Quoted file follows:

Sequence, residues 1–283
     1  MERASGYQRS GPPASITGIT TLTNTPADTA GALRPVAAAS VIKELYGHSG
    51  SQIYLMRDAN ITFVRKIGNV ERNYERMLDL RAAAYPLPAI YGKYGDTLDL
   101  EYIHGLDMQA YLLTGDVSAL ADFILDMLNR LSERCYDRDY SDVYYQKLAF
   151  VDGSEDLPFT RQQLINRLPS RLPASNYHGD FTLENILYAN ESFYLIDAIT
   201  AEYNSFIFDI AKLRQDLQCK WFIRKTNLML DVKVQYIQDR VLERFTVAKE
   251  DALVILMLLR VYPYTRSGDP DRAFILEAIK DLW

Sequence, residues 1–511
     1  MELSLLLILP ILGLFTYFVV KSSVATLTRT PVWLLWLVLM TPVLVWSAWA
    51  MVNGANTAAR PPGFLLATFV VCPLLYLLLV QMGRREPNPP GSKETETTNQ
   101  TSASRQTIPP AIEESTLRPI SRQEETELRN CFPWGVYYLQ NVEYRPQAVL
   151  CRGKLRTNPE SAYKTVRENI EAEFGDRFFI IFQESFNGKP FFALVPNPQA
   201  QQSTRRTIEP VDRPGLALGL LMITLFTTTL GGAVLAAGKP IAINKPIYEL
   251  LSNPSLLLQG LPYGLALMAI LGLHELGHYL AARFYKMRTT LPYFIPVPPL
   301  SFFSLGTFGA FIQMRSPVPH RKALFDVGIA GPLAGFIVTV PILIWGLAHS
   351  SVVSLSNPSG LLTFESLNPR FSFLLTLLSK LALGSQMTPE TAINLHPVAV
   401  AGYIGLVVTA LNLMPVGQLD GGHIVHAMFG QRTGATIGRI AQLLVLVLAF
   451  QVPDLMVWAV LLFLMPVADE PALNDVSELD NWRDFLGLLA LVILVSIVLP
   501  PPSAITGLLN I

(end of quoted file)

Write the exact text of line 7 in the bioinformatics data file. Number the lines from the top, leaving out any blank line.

   251  DALVILMLLR VYPYTRSGDP DRAFILEAIK DLW